The issue of Iran dominated a late-Monday night foreign policy session at the Jewish Federations of North America General Assembly in National Harbor.
“Obviously from [Israeli Prime Minister Benyamin] Netanyahu’s point of view” even if the deal doesn’t happen, the “fact that you would even consider some kind of alliance with Iran against ISIS, this is dealing with the devil,” said one of the panelists, Steve Linde editor-in-chief of The Jerusalem Post. “After condemning Assad for so many years for murdering his own people — maybe 200,000 people including with chemical weapons — now to come around and sort of support him even if it’s implicitly, seems to be really questionable policy and I’m not sure what message it gives to the world.”
According to Linde, there’s a feeling in Israel that the United States is not utilizing any leverage on Iran and appears desperate to make a deal.
“Why are we not feeling that strength of the superpower from the United States? Why do we feel like [Obama] is trying to get a Nobel Prize for this?” Linde said.
In addition to Linde, the panel discussion on how Israelis and Americans view complex foreign policy issues featured Atlantic magazine correspondent Jeffrey Goldberg and Aluf Benn, editor-in-chief of Haaretz.
Goldberg’s recent reporting in the Atlantic about the fractious relationship between the White House and Israeli Prime Minister Benjamin Netanyahu – in which an anonymous White House source referred to Netanyahu as “chickenshit” and “Aspergery” – was picked up by newspaper and websites across the globe, prompting Secretary of State John Kerry to apologize to the Israeli leader.
Even with the deadline for a nuclear deal fast approaching, there is little public information available from the closed-door meetings, which Goldberg attributes to no real work being done – something he says is typical for such negotiations.
Goldberg says that any breakthrough, which could possibly lead to a permanent nuclear deal, will likely come within days, or even the day before, the actual deadline if any breakthrough is achieved at all. Yet, he said that there was a chance that Iran’s supreme leader, Ayatollah Ali Khamenei, will not concede to any of the negotiators’ demands because of his hatred for the United States.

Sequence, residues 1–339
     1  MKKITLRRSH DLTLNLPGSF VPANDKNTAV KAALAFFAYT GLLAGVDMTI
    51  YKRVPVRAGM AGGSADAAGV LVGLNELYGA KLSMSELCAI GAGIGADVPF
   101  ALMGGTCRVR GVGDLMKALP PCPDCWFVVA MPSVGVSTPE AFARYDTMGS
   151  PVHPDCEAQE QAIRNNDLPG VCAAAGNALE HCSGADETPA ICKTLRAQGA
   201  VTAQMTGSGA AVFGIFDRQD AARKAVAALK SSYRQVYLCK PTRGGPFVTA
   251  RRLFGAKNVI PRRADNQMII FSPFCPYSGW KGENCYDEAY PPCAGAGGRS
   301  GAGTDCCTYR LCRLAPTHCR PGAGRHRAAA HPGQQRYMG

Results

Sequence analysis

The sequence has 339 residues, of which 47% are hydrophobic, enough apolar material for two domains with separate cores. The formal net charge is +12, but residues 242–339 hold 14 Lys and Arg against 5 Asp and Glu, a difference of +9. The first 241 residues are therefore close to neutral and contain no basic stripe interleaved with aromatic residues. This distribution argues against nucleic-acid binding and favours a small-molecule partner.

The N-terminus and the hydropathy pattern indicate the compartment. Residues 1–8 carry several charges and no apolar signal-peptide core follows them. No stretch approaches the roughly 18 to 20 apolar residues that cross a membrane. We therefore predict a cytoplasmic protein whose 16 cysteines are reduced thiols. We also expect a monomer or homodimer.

“The president has said that he’s not going to go for a bad deal, a bad deal in his mind is something different than a bad deal in Netanyahu’s mind,” said Goldberg. “This is one of the reasons why we might be heading into the biggest confrontation yet between Netanyahu and President Obama, and it’s going to be intensified if it happens, because Netanyahu feels the wind is at his back at Capitol Hill.”
With the Republicans taking control of both houses of Congress in January, the president’s time is running out. If another extension is requested by the administration, it is almost certain that Congress will try to go against president’s wishes and pass new sanctions legislation – likely with a bipartisan veto-proof majority.
“Obviously, right now the Senate is geared up for a sanctions festival starting in January,” said Goldberg.
Though the prime minister and members of his government have focused the majority of their public comments on Iran’s existential threat, both Linde and Benn agree that the Israeli people,although concerned about Iran, see dealing with that country as Netanyahu’s private battle.
“Israeli public opinion by and large lays Iran up to Netanyahu,” said Benn. “It’s his own personal project in terms of the Israeli public, which is far more worried about stabbings in Tel Aviv or people run over by cars in Jerusalem than about the Iranian nuclear program… .”
According to Linde, being the son of a historian makes Netanyahu especially sensitive to how historians will view his record. Linde believes that despite the narrative that Netanyahu is an ineffective leader, his ability to make tough choices should not be discounted.
“If he goes down in history, which he wants to do I believe, it will be as the leader who stopped Iran from becoming nuclear.”